Islamophobia continues to affect Muslim Americans
On September 11, 2001, everything changed. The clear and quiet morning quickly turned into death and destruction. At 8:45 a.m., an American Airlines Boeing 767 crashed into the World Trade Center in New York City, sending a wave of shock across the country. Everyone held their breaths in fear as they watched their television screens flash with horrific images of the fallen buildings. 2,997 people were killed. 19 men were trained by Al-Qaeda to create as much as pain, panic and paranoia as possible on that day. And they did. Islam was no longer just a religion; it became the religion that attacked America.
The media has played a large role in influencing Islamophobic perspectives. An automatic fear has been instilled in Americans by mainstream media, which impacts the lives of Muslims every single day. The stories that emerge in media outlets do not show the whole truth, and can even have potentially damaging effects to Muslims. "It's the whole idea of narrow casting. People believe whatever the media believes Islam is. It's not fair to put a spotlight on one thing and keep everything else in the dark," Blair junior Suad Mohamud says.
Junior Zenab Abu walked out of Blair, expecting to go straight home. A man stopped her on the way and offered her pamphlets on Christianity. She politely declined and told him that she was a Muslim. He shot back by telling her that she was going to Hell, and that Islam was an abomination.
Over the summer, the Muslim Student Association at Blair went to Texas to participate in an interscholastic tournament. The group stopped for Taco Bell in Tennessee. "Going to the south this summer was really my- I guess you can say the first time I met some real Islamophobic Americans," senior Zaafira Elham admits.
They threw their trash out in a bag, and threw it away in the trashcan. Suddenly, a couple police cars drove into the parking lot. "I looked around. I was scared. My mind was just like, 'what's going on?'" senior Nazea Khan, president of the Muslim Student Association, remembers. A police officer approached them. He told them that someone had called and reported suspicious activity, and he proceeded to searching the trashcan to make sure. "All we were doing was literally throwing our trash away, but even that was scary to them," Elham says.
Elham decided to eat at the Dunkin Donuts, right next to Taco Bell and the gas station. She and some other girls, dressed completely in jilbabs, a traditional Muslim garment that covers the head and hands, walked over to the store. A couple men hovered around the entrance, when one approached the group of girls. "Are y'all Muslims?" he asked in a deep southern accent. The girls just kept walking. "The next thing we know, he's following us around. He had a gun in his belt and kept flashing it in our direction, from his belt pocket. What if he decided to use it? I was freaking out. My heart was beating so fast," Elham remembers. They rushed into the convenience store at the gas station and refused to leave until he did.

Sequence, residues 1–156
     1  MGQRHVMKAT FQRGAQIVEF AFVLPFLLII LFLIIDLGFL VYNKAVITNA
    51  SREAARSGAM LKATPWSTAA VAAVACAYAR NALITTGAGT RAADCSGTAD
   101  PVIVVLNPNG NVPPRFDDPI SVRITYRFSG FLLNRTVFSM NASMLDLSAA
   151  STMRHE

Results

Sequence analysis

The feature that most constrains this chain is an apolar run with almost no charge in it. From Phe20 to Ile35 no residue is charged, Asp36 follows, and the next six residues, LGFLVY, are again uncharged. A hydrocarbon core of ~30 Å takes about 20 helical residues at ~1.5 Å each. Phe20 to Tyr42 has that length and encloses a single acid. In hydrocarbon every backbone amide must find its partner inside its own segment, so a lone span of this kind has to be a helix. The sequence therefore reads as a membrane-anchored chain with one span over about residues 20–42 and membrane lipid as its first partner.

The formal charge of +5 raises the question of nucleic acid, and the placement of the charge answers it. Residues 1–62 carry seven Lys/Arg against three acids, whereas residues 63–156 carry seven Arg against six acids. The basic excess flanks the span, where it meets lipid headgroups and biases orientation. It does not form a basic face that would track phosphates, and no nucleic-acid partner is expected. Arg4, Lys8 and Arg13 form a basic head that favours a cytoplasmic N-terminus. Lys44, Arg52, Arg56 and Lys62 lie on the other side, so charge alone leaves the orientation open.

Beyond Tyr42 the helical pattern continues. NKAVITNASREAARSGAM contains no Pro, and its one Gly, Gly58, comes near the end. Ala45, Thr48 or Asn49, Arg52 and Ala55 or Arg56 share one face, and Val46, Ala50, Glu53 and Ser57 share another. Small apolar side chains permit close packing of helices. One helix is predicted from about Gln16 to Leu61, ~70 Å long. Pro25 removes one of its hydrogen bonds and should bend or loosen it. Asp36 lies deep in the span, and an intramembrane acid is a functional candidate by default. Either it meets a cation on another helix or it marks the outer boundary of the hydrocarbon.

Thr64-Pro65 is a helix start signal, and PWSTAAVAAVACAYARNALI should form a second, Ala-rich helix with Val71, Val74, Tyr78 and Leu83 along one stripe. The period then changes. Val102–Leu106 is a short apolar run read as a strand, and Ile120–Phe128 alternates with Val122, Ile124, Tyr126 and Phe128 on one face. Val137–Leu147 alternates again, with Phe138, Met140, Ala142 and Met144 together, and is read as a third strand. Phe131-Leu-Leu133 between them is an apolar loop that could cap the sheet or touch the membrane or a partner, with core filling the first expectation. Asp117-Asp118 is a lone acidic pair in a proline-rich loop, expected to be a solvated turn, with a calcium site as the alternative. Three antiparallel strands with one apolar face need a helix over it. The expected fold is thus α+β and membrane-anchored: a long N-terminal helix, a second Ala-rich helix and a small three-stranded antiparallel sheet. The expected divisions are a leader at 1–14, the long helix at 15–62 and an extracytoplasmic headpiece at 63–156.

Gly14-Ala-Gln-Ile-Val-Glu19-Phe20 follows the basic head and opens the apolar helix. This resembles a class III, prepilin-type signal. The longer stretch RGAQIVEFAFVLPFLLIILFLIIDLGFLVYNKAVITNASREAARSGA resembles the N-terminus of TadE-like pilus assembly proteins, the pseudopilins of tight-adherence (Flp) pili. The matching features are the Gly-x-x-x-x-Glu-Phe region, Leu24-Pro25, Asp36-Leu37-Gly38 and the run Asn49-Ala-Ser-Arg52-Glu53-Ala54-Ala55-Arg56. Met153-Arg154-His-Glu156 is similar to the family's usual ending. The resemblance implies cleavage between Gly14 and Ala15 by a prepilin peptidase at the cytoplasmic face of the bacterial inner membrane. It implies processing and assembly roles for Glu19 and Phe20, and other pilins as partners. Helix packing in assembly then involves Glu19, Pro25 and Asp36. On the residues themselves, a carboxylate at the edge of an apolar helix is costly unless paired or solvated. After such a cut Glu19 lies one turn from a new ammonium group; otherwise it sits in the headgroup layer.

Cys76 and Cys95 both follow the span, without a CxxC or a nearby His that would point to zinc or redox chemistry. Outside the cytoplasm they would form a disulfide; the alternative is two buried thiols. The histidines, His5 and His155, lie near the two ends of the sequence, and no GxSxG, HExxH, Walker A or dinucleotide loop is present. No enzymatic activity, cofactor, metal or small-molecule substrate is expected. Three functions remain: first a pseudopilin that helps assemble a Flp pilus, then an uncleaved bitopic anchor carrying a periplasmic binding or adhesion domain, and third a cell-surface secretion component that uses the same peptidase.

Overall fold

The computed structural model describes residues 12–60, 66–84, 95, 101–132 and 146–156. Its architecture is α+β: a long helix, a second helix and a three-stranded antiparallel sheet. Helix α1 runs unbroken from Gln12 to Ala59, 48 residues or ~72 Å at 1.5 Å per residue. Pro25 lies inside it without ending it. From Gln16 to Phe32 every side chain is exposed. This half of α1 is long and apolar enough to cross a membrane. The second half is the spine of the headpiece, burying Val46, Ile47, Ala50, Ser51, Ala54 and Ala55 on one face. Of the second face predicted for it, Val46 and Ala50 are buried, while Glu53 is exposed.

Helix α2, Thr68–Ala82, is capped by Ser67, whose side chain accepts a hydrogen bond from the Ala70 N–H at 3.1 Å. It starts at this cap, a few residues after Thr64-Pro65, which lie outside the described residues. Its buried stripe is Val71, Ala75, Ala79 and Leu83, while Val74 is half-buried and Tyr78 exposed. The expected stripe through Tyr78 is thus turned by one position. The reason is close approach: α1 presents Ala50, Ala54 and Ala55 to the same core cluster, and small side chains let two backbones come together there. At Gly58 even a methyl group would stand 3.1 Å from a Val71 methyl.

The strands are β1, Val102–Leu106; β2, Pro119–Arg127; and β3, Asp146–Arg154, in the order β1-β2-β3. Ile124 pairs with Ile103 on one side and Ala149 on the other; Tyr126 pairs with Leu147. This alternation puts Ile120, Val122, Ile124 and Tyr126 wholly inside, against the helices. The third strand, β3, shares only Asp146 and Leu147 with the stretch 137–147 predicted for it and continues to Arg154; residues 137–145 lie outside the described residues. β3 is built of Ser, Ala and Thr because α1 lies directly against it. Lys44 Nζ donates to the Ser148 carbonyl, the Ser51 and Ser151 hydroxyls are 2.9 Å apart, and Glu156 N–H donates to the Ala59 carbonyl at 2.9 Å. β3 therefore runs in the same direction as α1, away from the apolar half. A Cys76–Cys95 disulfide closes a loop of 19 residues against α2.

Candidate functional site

They weren't welcome there either. "What's crazy is that they seemed so scared of us, and we were so scared of them. The whole experience was really shocking," Elham reflects. They asked the cashier if they could use the bathroom, and he told them that they didn't have a bathroom.
When Elham first started wearing a hijab in middle school, her friends grew wary of her. They wouldn't talk to her as much and they would question her choice to wear it. "They thought that I was a different person with the hijab, but that's not true. It's like when I take public transportation, sometimes people look at me. They look at what I'm wearing... My physical appearance makes people think differently about me," Elham says.
Ahmed feels that it is important for people to know that he is isolated from the Muslims who are terrorists. "I have some friends that joke around like 'Are you a terrorist?' or 'Are your parents going to bomb the school?' I'm okay with it, but if they were ever serious, it would not be okay," Ahmed says. Now, a mutual fear exists between Muslims and those who dislike Muslims.
The biased media has left Muslims with a responsibility to spread awareness. "I feel like if you teach people what our religion actually means, what we worship, and why we do it, that would help people understand so much more," senior Afnan Abdullah says.
Elham sees her hijab as a tool for spreading awareness. "Born in America, living in America, having American pride and spirit. Though my actions, I can show that I am both American and Muslim," Elham says.
Ever since 9/11, Islam has become a scapegoat, and Muslims have become a target. "It's not Islam's fault, it's these people who misinterpret Islam," Abu asserts. Islamophobia continues to persist throughout the country, and all over the world. Simple awareness of it can help bring it to an end.
Maniza Habib. Hi! My name is Maniza and I'm the 2016-17 managing and news editor! My favorite color is black because it looks good on everyone and I love to dance because anybody can! Also, babies are my favorite kind of people and I love watching The … More »